LUNA 2021 was a festive and artistic moment of celebrating that the worst of COVID-19 hopefully belongs to the past now. More than fifty artists and at least an equal number of other arts professionals from all over the world came together in the city of Leeuwarden to meet again after a challenging period. A period that for our branch, media- and light art, was not characterized so much by inactivity, but by meeting online, thinking in scenarios and developing concepts that allow social distance, fresh air, remote production and easy switches to events that are fully online in case it would come to the worst again.
LUNA stands for Leeuwarden Urban Night Adventure: roundabout fifteen light-, sound and performance projects carefully installed at carefully chosen locations in the city centre of Leeuwarden, capital of the Northern Dutch province of Friesland. There is no fixed route that the tens of thousands of spectators follow, but they choose their own ways, assisted by an app that shows the locations on the city map. We choose this set-up because it makes visitors more aware of the city, the spatial conditions it offers, its beauty, its character. A bit of searching and making choices of one’s own is part of this urban arts adventure. The absence of preset patterns sharpens the perception of the surroundings and creates awareness of the physical structure of the city, its architecture, roads, alleys, hidden squares, even some urban nature here and there.
Art, the public, and the city itself altogether create a special experience. People see, smell, feel and hear their city from new angles, the city presents itself in a different way. By walking through your own city and being surprised by the interventions the artists add, the public takes on new perspectives, opens up to details and – as many say – go on a short, mesmerizing holiday close to home. This was felt even stronger than at earlier editions as LUNA was the first bigger public event that was allowed to let go of all Covid measures. Even though it was raining heavily on all three nights of the event, thousands of people strolled through towns and enjoyed the projects. Possibly the heavy weather even added to the festive atmosphere, the feeling of being reunited, withstanding everything together. What is being soaking wet from the rain compared to 1,5 years of staying at home, far away from any real life encounters with friends, family, neighbours, strangers and art?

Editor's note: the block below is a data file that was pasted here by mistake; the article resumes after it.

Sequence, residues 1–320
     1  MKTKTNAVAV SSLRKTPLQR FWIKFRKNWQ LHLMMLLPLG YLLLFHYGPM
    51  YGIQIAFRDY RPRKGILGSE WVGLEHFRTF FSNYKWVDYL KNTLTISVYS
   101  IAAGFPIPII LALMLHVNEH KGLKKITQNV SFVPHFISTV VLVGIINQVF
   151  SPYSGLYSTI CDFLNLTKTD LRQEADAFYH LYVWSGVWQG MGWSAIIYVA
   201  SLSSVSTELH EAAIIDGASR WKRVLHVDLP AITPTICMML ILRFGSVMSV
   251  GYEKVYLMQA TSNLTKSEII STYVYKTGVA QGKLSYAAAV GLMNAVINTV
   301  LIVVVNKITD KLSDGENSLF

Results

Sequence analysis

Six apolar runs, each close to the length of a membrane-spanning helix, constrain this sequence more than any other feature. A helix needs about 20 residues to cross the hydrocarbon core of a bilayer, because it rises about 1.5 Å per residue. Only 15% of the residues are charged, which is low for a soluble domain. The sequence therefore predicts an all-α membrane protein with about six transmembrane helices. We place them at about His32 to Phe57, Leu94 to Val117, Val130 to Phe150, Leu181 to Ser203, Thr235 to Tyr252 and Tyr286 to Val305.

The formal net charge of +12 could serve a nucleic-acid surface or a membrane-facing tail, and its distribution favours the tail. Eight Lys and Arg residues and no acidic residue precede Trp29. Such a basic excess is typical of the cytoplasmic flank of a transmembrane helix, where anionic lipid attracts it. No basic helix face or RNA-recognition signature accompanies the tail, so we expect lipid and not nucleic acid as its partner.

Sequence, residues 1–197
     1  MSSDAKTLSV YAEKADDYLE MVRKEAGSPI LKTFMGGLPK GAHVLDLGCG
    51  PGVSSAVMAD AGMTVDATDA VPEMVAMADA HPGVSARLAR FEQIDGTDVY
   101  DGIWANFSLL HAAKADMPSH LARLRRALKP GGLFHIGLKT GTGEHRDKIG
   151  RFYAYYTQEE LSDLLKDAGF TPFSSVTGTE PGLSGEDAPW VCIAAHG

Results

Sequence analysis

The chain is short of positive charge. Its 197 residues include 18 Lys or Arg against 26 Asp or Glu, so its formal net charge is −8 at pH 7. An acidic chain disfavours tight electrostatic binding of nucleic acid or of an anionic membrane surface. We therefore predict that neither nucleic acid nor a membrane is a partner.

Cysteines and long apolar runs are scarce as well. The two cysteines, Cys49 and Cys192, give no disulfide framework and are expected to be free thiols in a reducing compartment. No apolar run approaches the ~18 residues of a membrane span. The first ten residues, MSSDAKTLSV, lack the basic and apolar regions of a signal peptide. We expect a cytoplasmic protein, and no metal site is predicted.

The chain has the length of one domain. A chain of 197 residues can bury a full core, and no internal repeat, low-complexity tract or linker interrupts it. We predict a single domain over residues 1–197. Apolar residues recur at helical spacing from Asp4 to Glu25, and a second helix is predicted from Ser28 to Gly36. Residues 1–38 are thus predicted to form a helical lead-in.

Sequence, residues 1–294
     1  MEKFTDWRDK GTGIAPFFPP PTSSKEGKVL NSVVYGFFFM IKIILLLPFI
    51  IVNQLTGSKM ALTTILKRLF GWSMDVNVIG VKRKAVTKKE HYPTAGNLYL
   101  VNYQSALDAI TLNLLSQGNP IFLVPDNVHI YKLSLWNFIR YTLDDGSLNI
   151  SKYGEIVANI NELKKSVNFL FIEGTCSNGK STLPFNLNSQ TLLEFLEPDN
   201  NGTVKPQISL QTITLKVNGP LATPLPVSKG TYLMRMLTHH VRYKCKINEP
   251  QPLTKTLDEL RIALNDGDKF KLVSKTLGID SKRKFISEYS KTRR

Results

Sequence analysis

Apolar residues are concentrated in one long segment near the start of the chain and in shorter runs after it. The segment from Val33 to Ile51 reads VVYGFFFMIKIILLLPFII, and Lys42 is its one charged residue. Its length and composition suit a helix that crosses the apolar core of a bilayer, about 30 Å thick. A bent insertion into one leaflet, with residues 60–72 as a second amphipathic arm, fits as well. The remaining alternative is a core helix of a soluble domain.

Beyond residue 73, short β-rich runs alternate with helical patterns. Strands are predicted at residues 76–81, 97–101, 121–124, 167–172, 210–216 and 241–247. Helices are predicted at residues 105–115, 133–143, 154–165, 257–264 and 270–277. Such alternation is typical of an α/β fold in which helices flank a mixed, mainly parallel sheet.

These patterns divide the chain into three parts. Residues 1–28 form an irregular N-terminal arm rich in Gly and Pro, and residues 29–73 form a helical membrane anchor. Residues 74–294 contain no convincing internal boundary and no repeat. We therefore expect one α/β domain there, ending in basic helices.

Within the programme that features many installations that have a strong connection with the physical environment, the Japanese artist Katsuki Nogami played a vital role, engaging the audience with his project Yamada Taro. Yamada Taro is the synonym of ‘John Smith’ or the regional Friesian equivalent ‘Jan de Vries’ – the average person, with a very normal name, the man in the street, or ‘Jan met de pet’ (Jan with the hat) in our cultural terms. Together with a group of eight performers that wore hoodies, covering their heads, and their faces replaced by iPads, the artist stood on Wilhelminaplein, the central square of the city. The group approached passers-by and asked them “can we borrow your face?”. If people agreed, their picture was taken and immediately displayed on all the iPads. All of a sudden a whole group of yourselves looks at you, takes on your personality – each performer individually, and the group as a whole also represents you. The effect is a mix of hilarity, alienation, well-felt discomfort and great comfort at the same time as the face you see around you, put on a variety of bodies, is so familiar.
The project was a very valuable interactive addition to the LUNA programme, throwing back participants onto themselves, making them doubt and reflect, and overall it is a beautiful, ever-changing living sculpture that can change location and change a location.
We are very happy to have found Katsuki Nogami on the Meet Up ECoC! Portfolio website. In times where there were no possibilities to scout for artists at festivals and exhibitions in real life, the database was of great use. And also now we will consult it again in order to find out about interesting Japanese makers. However, and despite all the efficiency and comfort of working online and remotely, we are even more convinced than ever before that personal contacts and true encounters are invaluable. Nogami’s work underlines this notion by showing that digitizing and multiplying people puts us at unease and makes us reflect upon the value of human relationships. We may always have felt what the Covid-period has shown drastically: real life and heartfelt connections cannot be replaced.
Photos by Media Art Friesland/Xanne Vera